7-Jun-2022 Source: RACQ LifeFlight Rescue
RACQ LifeFlight Rescue will join other Queensland aeromedical service providers, as tenants of a state of the art ‘super base’, to be purpose built at Brisbane Airport.
LifeFlight’s commitment to the project was confirmed today (Fri 3rd) with the announcement by Queensland Treasurer Hon. Cameron Dick, that the Queensland State Government will contribute $10.4 million to assist LifeFlight to relocate and establish its Brisbane rotary and fixed-wing operations at the new centre.
The Queensland Aeromedical Hub will become home to aircraft and crew from the RACQ LifeFlight Rescue fleet, alongside the Royal Flying Doctors Service (RFDS), the government’s airwing (QGAir) and Retrieval Services Queensland (RSQ), which co-ordinates aeromedical services across the state on behalf of Queensland Health.
“This joint hub will be transformational for the aeromedical network in Queensland, housing our world-class service alongside our colleagues at RFDS and QGAir. To also have the strong and effective co-ordination of RSQ based at the same facility, will be integral to continuing smooth operation, as the demand for aeromedical services grows,” said LifeFlight Australia Deputy Chair Hon. Jim Elder.
“Today’s announcement is a fantastic outcome for the future and those who will benefit most, are the people of Queensland; especially those in remote and regional areas who rely on services such as ours to ensure they have access to the same levels of medical care, as those who live in our urban centres.”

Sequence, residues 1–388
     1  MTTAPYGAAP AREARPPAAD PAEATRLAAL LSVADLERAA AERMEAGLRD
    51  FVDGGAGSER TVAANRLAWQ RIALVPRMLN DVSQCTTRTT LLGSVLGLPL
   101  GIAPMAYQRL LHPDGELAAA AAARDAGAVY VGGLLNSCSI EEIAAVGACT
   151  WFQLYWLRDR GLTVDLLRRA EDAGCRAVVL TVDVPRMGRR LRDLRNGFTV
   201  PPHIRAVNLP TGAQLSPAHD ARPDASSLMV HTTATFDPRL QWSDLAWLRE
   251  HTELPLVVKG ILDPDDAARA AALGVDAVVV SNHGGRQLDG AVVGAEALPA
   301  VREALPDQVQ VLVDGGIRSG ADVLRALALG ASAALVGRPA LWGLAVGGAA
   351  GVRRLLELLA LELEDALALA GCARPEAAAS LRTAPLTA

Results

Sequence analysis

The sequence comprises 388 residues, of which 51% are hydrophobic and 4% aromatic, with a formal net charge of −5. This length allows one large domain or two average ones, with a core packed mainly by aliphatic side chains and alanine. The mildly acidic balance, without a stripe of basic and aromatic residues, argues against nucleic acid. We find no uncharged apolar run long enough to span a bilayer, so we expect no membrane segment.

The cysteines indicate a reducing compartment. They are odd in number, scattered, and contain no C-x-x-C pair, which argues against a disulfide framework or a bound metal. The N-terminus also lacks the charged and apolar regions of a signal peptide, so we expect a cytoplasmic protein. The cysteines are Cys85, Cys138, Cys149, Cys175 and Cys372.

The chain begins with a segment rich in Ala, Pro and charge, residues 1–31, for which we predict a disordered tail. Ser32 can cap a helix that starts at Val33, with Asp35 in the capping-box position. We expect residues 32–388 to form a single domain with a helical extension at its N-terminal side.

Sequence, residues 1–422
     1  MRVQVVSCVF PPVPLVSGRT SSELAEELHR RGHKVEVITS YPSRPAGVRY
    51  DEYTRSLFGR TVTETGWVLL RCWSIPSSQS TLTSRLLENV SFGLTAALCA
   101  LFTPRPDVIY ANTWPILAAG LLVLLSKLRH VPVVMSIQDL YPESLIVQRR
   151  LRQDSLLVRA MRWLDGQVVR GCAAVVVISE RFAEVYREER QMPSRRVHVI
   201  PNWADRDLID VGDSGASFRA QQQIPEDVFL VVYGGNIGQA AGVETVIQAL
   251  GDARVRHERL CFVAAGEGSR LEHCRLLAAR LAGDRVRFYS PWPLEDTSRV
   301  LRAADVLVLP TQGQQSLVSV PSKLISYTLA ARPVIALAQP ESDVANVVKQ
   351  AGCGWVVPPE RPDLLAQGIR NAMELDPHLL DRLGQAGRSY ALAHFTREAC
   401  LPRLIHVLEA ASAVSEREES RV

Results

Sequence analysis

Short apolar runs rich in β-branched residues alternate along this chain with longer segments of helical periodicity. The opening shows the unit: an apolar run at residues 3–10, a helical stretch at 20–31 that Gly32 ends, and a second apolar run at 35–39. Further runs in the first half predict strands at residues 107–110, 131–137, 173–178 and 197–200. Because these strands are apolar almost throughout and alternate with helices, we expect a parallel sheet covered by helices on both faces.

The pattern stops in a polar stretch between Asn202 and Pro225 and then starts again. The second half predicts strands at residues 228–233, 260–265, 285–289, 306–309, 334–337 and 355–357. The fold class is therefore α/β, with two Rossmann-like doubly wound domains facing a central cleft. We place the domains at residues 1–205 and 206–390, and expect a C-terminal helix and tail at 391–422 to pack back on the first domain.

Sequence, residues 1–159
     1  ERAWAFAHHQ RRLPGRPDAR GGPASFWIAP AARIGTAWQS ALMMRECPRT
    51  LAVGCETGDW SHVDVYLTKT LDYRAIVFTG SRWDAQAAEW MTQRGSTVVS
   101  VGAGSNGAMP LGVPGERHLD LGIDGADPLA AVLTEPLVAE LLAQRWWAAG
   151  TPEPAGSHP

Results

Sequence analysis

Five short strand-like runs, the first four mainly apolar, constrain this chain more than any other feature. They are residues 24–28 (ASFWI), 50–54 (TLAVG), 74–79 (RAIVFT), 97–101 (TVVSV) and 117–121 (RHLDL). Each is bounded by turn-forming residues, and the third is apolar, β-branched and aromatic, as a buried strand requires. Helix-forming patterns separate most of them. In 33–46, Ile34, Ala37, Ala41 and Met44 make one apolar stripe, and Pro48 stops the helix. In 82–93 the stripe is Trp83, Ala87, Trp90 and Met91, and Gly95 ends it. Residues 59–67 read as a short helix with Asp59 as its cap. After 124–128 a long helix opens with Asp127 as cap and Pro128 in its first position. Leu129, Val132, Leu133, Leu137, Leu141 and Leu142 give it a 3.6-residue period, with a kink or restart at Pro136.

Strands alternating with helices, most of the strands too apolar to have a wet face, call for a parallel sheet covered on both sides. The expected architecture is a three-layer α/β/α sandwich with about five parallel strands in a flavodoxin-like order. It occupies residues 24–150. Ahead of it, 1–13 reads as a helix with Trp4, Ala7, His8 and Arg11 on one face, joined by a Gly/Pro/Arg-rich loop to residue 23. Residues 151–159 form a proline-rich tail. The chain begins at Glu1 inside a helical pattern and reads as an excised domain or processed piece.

The LifeFlight hangar will accommodate the unique combination of two medically configured Challenger 604 fixed wing aircraft and two highly advanced AW139 helicopters in a purpose-built hangar.
Quality crew quarters will ensure their round-the-clock rescue readiness, with rapid response times proven to lead to better health outcomes for patients.
The most significant feature of the planned multi-million dollar hub, is a highly advanced patient transfer centre, which will be able to cater to even the highest acuity patients.
It will be the equivalent of an emergency department, right next to where the aircraft land.
“The positioning of the transfer centre is key to its success. It will be located centrally in the hub and easily accessible from the LifeFlight, RFDS and QGAir hangars, ensuring smooth, integrated treatment of patients, which will be vital if we are helping multiple people being airlifted from significant mass casualty events,” said Mr Elder.
Support from the community and government are vital to charity service-providers.
“We are deeply grateful to the state government – the Premier, the Health Minister, the Treasurer and our colleagues at Queensland Health – for this generous support, which will enable us to turn this plan, which has been more than seven years in the making, into reality.”